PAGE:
The Management Group
Yorkshire & Humber Drainage Boards is management group that provides shared administrative and technical services for 8 independent Internal Drainage Boards (“Partner IDBs”). Most of these shared services are provided by the largest of the IDBs, Ouse and Humber Drainage Board but mutual arrangements are also possible.
By working together the Partner IDBs can share resources and reduce overheads. This agreement also allows for more specialist staff to be employed that can focus on specific work areas. Like many public authorities IDBs are under financial pressure so these arrangements present opportunities for savings that can be redirected into front-line services.
Our Partner IDBs cover area of Yorkshire from Scarborough to Stainforth and from Brough to Barnsley. We represent one of the largest groups of Flood Risk Management Authorities in the UK. Here are some of of statistics:
We have 118 Board Members including Councillors, Land Owners and Community Representatives.
- We cover 8 Local Authority Districts.
- We maintain over 800 miles of rivers and watercourses
- We maintain over 80 pumping stations
- We drain of 200,000 acres of farmland
- We reduce flood risk to thousands of people, businesses and infrastructure
How Does the Management Group Work?
Our Partner IDBs have agreed to work with each other using a legal agreement made under section 11 of the Land Drainage Act 1991 which allows that “Two internal drainage boards may agree that one is to provide administrative, professional or technical services for the other”. The agreements also utilise the Hamburg Waste Exemption (taken from the Court of Justice of the European Union Commission v Germany (Case C-480/06) and section 12(7) of the Public Contract Regulations 2015) which provides an exemption from the requirement to complete a public procurement exercise.
Our Partner IDBs have agreed to share administrative, professional and technical costs, each Board pays an annual fee towards these ‘running costs’ on a basis that is broadly proportionate to each organisations annual turnover.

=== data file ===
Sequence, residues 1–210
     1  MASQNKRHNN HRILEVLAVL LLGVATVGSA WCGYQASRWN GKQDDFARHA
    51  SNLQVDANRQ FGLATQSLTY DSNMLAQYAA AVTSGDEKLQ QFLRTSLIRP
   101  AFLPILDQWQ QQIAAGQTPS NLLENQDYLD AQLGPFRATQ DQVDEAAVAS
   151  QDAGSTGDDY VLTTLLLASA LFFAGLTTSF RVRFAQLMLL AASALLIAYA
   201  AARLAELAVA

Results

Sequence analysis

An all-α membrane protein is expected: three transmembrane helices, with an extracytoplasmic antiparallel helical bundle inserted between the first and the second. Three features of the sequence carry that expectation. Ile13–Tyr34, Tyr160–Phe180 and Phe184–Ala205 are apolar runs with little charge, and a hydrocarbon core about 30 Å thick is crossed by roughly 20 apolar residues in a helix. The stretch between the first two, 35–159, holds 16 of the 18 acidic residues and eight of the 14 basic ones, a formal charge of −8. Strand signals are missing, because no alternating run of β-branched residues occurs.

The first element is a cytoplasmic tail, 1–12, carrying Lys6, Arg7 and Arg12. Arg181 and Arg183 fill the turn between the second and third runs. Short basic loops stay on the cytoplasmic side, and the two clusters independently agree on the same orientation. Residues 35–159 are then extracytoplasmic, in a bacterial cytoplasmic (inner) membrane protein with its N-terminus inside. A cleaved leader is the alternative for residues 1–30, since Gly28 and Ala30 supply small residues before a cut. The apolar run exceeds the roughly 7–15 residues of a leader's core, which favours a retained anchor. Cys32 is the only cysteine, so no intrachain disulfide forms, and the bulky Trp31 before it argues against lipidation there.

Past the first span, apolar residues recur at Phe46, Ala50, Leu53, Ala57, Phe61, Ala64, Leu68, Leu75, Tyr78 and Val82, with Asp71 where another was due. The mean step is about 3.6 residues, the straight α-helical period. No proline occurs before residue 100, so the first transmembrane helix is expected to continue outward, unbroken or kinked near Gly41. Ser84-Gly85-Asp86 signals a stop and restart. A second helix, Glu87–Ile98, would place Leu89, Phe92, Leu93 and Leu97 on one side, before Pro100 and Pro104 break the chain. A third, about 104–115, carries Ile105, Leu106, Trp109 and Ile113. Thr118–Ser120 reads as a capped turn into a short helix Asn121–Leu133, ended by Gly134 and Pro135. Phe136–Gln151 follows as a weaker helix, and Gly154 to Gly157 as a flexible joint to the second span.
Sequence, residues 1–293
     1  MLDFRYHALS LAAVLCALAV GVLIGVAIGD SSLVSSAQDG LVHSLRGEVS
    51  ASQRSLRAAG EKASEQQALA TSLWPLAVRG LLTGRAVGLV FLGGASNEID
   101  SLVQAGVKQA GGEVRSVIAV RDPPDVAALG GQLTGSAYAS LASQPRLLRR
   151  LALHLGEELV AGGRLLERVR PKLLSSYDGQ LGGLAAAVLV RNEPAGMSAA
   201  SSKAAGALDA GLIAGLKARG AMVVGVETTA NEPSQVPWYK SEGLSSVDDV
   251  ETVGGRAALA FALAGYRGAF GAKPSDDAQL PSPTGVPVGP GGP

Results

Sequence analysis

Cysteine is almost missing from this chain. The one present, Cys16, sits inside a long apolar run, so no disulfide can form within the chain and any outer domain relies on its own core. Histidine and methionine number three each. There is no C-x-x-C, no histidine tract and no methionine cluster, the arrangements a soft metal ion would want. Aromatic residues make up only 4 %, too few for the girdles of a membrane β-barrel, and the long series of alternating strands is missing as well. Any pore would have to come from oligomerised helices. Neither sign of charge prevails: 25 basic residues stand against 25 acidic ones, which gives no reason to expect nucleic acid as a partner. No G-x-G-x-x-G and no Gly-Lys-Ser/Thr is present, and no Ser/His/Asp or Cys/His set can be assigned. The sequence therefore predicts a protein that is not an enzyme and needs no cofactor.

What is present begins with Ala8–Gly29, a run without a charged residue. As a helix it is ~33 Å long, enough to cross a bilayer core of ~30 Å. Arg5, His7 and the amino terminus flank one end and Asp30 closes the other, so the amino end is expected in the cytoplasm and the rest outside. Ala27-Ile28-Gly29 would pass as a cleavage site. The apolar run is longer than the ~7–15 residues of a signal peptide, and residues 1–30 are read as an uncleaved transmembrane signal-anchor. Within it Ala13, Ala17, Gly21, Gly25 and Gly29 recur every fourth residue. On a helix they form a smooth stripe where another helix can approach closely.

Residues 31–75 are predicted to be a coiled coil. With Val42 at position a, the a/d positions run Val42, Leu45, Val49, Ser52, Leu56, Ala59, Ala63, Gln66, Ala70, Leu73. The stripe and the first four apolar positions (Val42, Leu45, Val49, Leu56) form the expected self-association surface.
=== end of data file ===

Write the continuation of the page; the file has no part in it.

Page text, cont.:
For further information
For further information about how IDBs can work together please contact the Chief Executive, Yorkshire & Humber Drainage Boards.
Public Sector Agreements
Our Partner IDBs provide drainage and flood risk management services to a number of other public authorities through a series of agreements, national and local Acts of Parliament.
The Coal Authority
The Coal Authority manages the effects of past coal mining, including subsidence damage claims which are not the responsibility of licensed coal mine operators. It deals with mine water pollution and other mining legacy issues.
The presence of historic mine workings in the Danvm and Black Drain Drainage Districts has resulted in areas of land subsiding (dropping) by two or more metres in places. This means that the land cannot drain as it used to.
The Coal Authority and its predecessors have and continue to invest in watercourses, culverts (pipelines) and pumping stations (“Mining Subsidence Drainage Assets”).
Danvm and Black Drain IDBs are the operating authorities for these Mining Subsidence Drainage Assets with much of this work funded by the Coal Authority.
The Environment Agency (“the EA”), like the IDBs is a [Flood] Risk Management Authority, whereas IDBs are the relevant authority for inland drainage and flood defences the EA have similar responsibilities associated with main rivers.
IDBs work very closely with the EA, often on a daily basis due to the connectivity of our watercourses, rivers and pumping stations (“Flood Defence Assets”) and carry out similar or the same type of maintenance that IDBs do.
Our Partner IDBs carry out maintenance works on behalf of the EA on main river Flood Defence Assets through Public Sector Agreements. Access to local contractors, workforce and strong relationships with local landowners often means that IDBs can deliver these works with cost savings.
The M62, M18 and A63 (Dual Carriageway) passes through our IDB districts, constructing this part of the motorway presented engineers with a particular challenge of crossing over many miles of managed floodplain, spectacularly illustrated by the Ouse Bridge between Goole and Howden.
Much of this part of the trunk road network is a causeway which means that it is raised up above surrounding land.
When works were carried out in the mid 1970’s the route interrupted and bisected numerous watercourse and also presented a very large metaled and impermeable surface which increased rainfall runoff.
To mitigate these effects a number of new and improved flood defence assets were constructed and agreements were reached with the trunk road authority and our Partner IDBs to manage these.
We continue to work with Highways England on maintenance and a number of other projects.